The Written Notice of dispute was sent by courier to the physical address of the Second Respondent (being the confirmed registrant Forexmedia LTD) in the British Virgin Islands (which courier was delivered to the Second Respondenton January 19, 2011). However, it was not sent to the physical address of the First Respondent (being the concerned Registrar’s privacy service, “Domains by Proxy, Inc.”1 The question is therefore whether the Center has discharged its responsibility to employ reasonably available means calculated to give actual notice to the First Respondent (the privacy service, Domains by Proxy, Inc.) of the dispute, vis-à-vis paragraph 2(a) of the Rules. In other words, has the First Respondent been given adequate opportunity to respond to the Complaint?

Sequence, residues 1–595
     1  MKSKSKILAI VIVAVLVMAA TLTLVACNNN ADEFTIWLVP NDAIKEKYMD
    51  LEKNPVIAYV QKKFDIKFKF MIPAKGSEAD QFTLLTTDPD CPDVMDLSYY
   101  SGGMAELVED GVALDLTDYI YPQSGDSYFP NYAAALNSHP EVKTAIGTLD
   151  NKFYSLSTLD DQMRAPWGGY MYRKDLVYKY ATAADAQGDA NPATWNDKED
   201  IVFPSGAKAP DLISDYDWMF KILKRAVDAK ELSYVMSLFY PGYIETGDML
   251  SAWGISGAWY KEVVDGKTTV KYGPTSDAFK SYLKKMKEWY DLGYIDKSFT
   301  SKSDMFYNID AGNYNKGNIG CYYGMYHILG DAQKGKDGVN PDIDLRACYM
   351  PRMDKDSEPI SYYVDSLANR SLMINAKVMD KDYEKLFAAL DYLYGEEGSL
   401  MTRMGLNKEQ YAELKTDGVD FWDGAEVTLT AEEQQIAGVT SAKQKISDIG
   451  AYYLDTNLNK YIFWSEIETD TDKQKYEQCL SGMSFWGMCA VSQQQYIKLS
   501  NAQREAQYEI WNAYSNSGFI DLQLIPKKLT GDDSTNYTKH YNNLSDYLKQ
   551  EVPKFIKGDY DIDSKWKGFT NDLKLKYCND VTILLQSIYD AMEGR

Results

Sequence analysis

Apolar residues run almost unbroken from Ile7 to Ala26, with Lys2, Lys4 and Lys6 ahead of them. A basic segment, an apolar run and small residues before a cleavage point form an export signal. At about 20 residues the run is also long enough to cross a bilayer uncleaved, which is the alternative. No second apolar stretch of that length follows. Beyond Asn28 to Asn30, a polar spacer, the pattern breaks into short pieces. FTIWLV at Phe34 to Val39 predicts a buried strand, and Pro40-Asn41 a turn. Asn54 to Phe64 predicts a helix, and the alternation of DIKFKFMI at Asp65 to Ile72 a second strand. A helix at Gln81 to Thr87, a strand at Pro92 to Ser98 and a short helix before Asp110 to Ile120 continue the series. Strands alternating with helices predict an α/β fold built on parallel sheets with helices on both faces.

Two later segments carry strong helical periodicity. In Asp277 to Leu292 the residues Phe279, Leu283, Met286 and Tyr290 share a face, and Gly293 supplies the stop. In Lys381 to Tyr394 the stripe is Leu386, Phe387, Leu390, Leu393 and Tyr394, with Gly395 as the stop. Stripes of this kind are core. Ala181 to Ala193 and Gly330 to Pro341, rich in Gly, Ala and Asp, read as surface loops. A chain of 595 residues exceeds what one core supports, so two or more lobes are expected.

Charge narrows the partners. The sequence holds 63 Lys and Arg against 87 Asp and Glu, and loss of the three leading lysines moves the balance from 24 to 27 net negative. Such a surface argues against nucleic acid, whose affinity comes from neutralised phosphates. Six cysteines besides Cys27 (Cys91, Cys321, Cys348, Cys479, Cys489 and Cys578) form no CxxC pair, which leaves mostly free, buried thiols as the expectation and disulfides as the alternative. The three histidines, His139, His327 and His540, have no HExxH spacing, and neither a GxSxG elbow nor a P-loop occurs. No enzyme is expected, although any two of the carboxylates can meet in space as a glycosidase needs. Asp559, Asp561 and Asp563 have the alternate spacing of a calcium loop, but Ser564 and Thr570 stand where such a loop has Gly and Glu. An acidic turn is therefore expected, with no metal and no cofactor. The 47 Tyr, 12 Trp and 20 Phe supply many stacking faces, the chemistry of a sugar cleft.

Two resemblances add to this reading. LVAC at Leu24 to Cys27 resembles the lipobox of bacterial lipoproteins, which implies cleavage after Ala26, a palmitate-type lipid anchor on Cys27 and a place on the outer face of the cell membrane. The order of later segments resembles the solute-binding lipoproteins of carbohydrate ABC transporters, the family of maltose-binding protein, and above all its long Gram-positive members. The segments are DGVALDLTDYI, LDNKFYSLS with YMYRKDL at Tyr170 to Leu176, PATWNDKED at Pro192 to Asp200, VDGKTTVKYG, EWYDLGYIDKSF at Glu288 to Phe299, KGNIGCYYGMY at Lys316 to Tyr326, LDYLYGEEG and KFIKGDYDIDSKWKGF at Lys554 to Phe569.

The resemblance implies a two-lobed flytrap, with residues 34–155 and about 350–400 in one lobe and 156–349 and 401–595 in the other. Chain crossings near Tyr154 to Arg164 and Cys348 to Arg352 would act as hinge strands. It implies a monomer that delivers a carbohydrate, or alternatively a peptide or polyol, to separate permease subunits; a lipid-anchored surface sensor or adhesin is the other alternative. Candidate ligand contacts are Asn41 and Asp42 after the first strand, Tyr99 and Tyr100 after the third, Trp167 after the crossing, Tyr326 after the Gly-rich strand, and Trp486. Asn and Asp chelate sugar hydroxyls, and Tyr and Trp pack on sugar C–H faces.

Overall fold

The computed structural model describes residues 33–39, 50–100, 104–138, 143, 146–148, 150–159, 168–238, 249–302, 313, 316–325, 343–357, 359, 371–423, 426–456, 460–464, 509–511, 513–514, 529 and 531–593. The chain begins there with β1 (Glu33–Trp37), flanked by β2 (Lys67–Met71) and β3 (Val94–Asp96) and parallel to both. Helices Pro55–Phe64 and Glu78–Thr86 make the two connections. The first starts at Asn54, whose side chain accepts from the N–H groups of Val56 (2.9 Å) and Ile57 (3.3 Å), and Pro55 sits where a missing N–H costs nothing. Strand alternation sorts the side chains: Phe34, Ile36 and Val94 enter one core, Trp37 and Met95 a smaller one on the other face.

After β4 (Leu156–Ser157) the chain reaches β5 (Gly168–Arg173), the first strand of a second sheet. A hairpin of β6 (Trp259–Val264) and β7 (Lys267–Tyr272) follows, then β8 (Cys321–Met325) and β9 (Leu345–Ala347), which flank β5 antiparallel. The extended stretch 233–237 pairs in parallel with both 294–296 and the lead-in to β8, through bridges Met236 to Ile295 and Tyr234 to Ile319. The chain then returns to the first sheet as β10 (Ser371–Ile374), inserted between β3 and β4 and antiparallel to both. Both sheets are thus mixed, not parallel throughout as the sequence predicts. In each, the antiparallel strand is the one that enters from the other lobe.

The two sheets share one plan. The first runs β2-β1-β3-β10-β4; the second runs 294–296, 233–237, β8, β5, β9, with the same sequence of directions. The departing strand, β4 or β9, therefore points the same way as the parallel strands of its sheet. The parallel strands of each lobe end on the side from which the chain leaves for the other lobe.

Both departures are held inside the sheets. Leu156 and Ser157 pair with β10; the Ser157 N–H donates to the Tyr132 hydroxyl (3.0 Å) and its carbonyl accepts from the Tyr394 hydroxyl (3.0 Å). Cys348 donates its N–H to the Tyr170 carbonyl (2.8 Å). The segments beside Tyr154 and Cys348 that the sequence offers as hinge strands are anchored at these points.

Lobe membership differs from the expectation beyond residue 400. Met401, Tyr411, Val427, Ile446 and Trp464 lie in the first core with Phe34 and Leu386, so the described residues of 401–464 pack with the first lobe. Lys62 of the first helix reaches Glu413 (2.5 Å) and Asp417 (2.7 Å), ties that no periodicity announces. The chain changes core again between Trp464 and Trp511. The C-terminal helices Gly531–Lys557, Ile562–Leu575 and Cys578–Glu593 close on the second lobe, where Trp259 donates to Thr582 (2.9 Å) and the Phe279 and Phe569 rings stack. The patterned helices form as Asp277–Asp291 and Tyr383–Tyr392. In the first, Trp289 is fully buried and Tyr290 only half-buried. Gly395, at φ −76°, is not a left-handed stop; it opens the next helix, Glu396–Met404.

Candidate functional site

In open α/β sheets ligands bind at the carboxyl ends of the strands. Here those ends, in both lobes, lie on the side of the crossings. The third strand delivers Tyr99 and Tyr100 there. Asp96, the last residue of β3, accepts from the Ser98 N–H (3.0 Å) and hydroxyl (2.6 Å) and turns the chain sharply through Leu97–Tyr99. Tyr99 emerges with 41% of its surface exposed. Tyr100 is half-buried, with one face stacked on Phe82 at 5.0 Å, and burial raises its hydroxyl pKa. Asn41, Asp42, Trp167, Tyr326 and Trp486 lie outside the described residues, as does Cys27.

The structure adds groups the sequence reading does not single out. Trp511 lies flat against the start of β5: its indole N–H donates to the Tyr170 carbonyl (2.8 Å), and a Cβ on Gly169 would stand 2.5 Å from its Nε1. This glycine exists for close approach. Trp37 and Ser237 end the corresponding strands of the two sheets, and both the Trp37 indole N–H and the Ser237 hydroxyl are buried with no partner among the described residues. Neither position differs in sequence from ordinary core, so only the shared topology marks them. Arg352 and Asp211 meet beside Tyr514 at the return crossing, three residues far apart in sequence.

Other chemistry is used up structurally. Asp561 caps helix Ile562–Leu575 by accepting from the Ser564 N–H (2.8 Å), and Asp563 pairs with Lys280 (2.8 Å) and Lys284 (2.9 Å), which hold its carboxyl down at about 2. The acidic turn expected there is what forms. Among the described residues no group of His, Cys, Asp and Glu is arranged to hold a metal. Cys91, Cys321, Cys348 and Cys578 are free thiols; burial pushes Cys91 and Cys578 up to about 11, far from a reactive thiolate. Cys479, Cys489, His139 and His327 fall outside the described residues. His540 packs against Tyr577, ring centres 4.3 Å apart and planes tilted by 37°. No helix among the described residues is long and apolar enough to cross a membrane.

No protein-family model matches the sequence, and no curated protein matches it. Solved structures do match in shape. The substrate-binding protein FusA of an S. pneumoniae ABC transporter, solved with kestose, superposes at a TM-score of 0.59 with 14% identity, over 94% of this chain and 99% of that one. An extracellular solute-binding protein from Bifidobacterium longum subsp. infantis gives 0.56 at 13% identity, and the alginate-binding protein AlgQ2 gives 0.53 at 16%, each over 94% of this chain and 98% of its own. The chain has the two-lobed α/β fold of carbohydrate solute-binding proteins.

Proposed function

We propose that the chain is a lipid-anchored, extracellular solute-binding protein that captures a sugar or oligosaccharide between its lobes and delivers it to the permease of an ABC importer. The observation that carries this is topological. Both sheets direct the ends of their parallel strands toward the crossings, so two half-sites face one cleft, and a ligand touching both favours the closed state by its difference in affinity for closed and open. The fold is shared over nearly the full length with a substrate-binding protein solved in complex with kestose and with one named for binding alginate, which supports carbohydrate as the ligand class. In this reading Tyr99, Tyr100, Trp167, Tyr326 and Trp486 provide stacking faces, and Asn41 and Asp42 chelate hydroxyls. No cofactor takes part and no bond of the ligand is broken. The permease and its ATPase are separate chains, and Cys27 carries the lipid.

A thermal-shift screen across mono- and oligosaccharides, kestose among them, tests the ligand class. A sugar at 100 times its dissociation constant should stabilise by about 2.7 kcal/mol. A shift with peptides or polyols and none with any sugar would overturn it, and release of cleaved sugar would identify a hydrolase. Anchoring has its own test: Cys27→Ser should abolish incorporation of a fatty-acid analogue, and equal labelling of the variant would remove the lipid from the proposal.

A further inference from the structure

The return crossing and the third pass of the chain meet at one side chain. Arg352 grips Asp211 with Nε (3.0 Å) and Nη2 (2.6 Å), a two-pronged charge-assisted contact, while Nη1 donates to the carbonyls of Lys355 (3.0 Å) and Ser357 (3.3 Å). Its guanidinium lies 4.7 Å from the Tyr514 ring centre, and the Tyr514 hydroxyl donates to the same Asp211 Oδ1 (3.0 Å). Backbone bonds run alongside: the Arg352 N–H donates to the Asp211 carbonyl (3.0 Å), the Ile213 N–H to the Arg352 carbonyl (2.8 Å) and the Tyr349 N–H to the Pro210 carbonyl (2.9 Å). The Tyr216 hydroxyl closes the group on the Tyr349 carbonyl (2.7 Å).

As has been noted by this Panelist in a previous WIPO UDRP decision (Compagnie Gervais Danone v Transure Enterprise Ltd / Privacy, WIPO Case No. D2009-1019), “privacy shields” and registrars or other organizations offering such services complicate the process of contacting the registrant of a domain name. The Complainant in its Amended *Complaint decided not to replace the First Respondent with the Second Respondent, but instead filed against both Respondents. The Center notified the Complaint by email both to the Registrar-confirmed registrant of record, Forexmedia LTD and to the Registrar’s privacy service Domains by Proxy, Inc. Written Notice was correctly sent to the physical address of the Registrar-confirmed registrant of record, Forexmedia, LTD. The question is: would it be reasonable in such circumstances to also require that Written Notice to be sent to the physical address of the Registrar’s privacy service, Domains By Proxy, Inc., after the Registrar had timely-confirmed by email to the Center that the registrant of record is Forexmedia LTD.